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How Donald Trump Could Disrupt the FDA



11/22/2016 5:40:10 AM

How Donald Trump Could Disrupt the FDA November 22, 2016
By Alex Keown, BioSpace.com Breaking News Staff

WASHINGTON – When Donald Trump is sworn in as president in January there are questions as to what may happen to various agencies in the nation’s capital, especially the U.S. Food and Drug Administration (FDA). There are some concerns that the Trump administration may look to dismantle the regulatory agency.

On the campaign trail, Trump called the FDA the “Food police,” when he criticized regulations placed on farmers and food inspections.

But it’s not only food regulations that Trump could challenge. Trump has also challenged some of the FDA’s oversight of regulating drug approval. In his 100 Day Plan, Trump said one FDA-specific reform he intends to undertake is to “cut the red tape at the FDA.” According to Trump’s plan, there are “over 4,000 drugs awaiting approval, and we especially want to speed the approval of life-saving medications.”

Trump has also called for easing restrictions on drugs that have been approved by foreign regulatory agencies to make them available in the United States, which would bypass the FDA’s regulatory authority over drugs in the U.S.

What Trump actually intends to do remains unknown. He could take aim at its budget to limit its powers—at a time when the federal agency is looking to increase the number of scientists working there. In June, FDA Commissioner Robert M. Califf posted a blog touting the mission of the regulatory agency and the need to hire additional staff to meet those needs. That posting at FDA.gov came four months after the federal agency submitted its budget requests to Congress that called for an 8 percent increase in hoped-for monies. In its request, the FDA cited a new food safety monitoring system, improved medical evaluations, and support for the cancer “moonshot” initiative supported by Vice President Joe Biden.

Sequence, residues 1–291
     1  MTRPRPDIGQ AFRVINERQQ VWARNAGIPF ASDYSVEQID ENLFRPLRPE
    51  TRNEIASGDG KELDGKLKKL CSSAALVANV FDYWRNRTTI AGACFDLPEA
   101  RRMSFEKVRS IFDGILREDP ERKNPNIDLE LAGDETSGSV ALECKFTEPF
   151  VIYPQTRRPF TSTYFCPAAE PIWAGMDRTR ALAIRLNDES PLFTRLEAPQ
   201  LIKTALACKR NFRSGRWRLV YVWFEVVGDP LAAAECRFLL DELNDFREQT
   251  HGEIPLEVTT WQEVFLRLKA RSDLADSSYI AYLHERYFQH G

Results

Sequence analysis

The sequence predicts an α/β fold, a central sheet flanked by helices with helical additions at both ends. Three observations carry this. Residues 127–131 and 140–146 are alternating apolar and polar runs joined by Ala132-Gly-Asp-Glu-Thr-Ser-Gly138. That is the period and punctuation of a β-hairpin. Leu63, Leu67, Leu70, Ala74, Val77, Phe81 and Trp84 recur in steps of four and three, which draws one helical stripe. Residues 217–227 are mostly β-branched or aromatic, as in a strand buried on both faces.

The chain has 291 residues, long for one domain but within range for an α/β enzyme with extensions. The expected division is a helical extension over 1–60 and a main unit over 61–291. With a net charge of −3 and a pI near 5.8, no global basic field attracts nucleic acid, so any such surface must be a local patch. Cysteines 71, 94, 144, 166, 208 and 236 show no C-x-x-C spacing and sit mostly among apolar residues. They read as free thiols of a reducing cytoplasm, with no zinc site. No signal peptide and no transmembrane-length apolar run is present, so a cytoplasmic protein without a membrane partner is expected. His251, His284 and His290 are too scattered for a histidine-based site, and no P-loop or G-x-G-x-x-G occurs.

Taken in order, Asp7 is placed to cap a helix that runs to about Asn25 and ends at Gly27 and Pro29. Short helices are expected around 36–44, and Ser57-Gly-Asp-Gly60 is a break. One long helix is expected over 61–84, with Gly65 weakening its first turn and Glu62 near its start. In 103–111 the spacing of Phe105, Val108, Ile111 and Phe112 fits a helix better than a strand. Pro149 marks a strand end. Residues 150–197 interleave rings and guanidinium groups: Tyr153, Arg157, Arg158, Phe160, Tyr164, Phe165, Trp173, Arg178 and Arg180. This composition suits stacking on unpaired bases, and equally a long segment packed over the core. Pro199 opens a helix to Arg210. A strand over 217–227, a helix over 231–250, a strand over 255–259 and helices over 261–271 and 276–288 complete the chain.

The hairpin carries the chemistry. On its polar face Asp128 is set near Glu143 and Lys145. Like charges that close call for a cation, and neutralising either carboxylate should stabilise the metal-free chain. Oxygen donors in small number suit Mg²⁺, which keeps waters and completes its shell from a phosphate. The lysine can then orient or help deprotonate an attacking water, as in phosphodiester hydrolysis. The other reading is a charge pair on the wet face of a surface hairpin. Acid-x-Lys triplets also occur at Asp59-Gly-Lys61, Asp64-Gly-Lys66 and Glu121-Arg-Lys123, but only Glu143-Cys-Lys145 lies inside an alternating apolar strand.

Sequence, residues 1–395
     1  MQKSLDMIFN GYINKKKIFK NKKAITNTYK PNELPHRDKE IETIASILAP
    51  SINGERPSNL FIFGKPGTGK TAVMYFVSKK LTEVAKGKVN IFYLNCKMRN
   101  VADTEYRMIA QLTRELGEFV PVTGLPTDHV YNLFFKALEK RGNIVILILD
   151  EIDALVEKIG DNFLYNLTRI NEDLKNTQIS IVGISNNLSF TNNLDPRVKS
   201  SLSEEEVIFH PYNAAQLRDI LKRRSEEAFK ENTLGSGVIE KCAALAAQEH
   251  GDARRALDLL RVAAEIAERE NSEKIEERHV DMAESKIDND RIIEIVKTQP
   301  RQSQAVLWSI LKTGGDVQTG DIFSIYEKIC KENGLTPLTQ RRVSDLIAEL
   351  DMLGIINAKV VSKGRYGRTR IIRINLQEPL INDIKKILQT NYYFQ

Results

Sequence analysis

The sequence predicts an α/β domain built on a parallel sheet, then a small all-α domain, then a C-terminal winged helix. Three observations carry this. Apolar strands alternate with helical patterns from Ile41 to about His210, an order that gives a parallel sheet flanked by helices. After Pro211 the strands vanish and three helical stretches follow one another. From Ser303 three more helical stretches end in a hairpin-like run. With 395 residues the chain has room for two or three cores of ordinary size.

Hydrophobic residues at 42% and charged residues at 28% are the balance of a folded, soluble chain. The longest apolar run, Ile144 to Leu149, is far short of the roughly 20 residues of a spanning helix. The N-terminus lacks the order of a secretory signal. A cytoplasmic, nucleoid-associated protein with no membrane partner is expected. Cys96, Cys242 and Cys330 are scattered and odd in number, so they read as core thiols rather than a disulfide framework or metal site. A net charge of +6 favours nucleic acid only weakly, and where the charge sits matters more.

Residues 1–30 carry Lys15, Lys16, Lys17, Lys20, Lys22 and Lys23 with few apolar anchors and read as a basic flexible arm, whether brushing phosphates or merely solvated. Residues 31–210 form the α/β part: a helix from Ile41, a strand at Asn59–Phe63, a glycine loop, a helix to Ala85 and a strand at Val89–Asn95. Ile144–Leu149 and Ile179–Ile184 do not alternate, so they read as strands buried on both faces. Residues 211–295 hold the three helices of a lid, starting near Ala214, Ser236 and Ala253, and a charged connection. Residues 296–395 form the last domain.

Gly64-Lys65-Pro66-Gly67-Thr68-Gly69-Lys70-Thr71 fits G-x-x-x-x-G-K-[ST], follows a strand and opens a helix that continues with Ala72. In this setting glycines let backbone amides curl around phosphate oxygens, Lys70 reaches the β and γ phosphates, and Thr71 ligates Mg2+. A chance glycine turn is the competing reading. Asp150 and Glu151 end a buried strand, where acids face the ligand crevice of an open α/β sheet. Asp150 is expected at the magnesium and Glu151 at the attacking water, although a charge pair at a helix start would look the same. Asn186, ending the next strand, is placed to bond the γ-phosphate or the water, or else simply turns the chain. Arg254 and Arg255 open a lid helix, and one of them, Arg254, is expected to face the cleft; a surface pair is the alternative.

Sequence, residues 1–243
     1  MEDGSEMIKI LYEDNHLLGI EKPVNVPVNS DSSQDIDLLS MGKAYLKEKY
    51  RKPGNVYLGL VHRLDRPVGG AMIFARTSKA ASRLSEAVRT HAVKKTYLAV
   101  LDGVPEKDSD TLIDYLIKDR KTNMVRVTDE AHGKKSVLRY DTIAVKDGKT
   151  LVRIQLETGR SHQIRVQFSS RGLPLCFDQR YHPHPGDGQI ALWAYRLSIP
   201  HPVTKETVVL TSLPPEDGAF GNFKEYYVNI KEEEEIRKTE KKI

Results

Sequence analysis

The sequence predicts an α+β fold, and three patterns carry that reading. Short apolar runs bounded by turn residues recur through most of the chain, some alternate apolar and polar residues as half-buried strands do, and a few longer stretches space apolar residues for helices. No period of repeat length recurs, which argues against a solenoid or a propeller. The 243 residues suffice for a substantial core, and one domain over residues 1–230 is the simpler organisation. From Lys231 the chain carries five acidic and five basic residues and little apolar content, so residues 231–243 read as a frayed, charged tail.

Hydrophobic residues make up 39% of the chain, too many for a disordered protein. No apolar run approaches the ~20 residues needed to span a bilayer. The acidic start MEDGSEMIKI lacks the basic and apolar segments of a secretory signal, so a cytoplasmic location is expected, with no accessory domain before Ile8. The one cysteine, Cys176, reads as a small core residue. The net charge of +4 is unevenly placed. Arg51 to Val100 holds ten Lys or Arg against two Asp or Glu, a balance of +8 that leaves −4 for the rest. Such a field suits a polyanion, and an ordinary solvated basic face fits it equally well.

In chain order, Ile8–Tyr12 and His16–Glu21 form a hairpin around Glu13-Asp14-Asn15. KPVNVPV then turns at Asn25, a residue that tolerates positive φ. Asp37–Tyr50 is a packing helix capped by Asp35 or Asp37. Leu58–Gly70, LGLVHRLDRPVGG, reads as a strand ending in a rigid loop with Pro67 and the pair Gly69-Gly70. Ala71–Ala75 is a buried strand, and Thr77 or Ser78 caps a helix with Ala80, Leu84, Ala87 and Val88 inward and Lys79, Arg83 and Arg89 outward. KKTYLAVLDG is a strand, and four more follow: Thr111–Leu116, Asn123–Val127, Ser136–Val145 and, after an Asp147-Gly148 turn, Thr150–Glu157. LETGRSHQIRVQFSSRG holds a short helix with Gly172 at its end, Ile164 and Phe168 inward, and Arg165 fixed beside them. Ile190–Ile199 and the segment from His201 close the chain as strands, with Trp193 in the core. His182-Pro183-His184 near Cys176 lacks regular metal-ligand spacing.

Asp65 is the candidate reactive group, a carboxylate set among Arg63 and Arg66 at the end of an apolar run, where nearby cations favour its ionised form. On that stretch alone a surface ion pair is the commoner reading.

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Writing in Forbes, John LaMattina said he believes Trump will focus on "lowering the bar” for the approval of generic drugs. He said the backlog of generics waiting approval is “pretty large” and the “lack of generic alternatives for drugs like Daraprim has resulted in extensive price gouging.” Daraprim, of course, was the drug at the center of the Martin Shkreli scandal last year. The 65-year-old drug is used in the treatment of toxoplasmosis and does not have a generic. Shkreli’s Turing Pharmaceuticals acquired the drug and then increased the price by 5,000 percent. Another move LaMattina expects Trump to make is easing the approval of “off-label use of already approved drugs.”

“While FDA final approval will be ultimately required, the publication of clinical trials showing the benefit of the drug in a new indication will be sufficient to allow companies to discuss the new use of such a drug with physicians and other healthcare professionals,” La Mattina said.

Another move Trump could make is to expand “right to try” rules, StatNews reported this morning. Right to try rules would give terminally ill patients access to unapproved therapies that have passed basic safety requirements. Citing a report from Holland & Knight, a law firm specializing in health care, StatNews said Vice President-elect Mike Pence has been an advocate of “right to try” rules and pushed for it in Indiana during his tenure as governor. StatNews said the right to try movement has been successful in 31 states, but it raises concerns over whether state governments have authority over the FDA—something that FDA leadership does not want.

It’s a concern shared by other advocacy groups. In an interview with Focus, the publication of the Regulatory Affairs Professional Society, Steven Grossman, deputy executive director of the Alliance for a Stronger FDA, noted that Trump has been focused on the economy.

“FDA regulates a lot of consumer spending and those industries produce a lot of high-paying jobs. We hope they see that this agency is in the interest of the economy, and that disrupting FDA is not a way to boost the economy,” Grossman said.


Read at BioSpace.com


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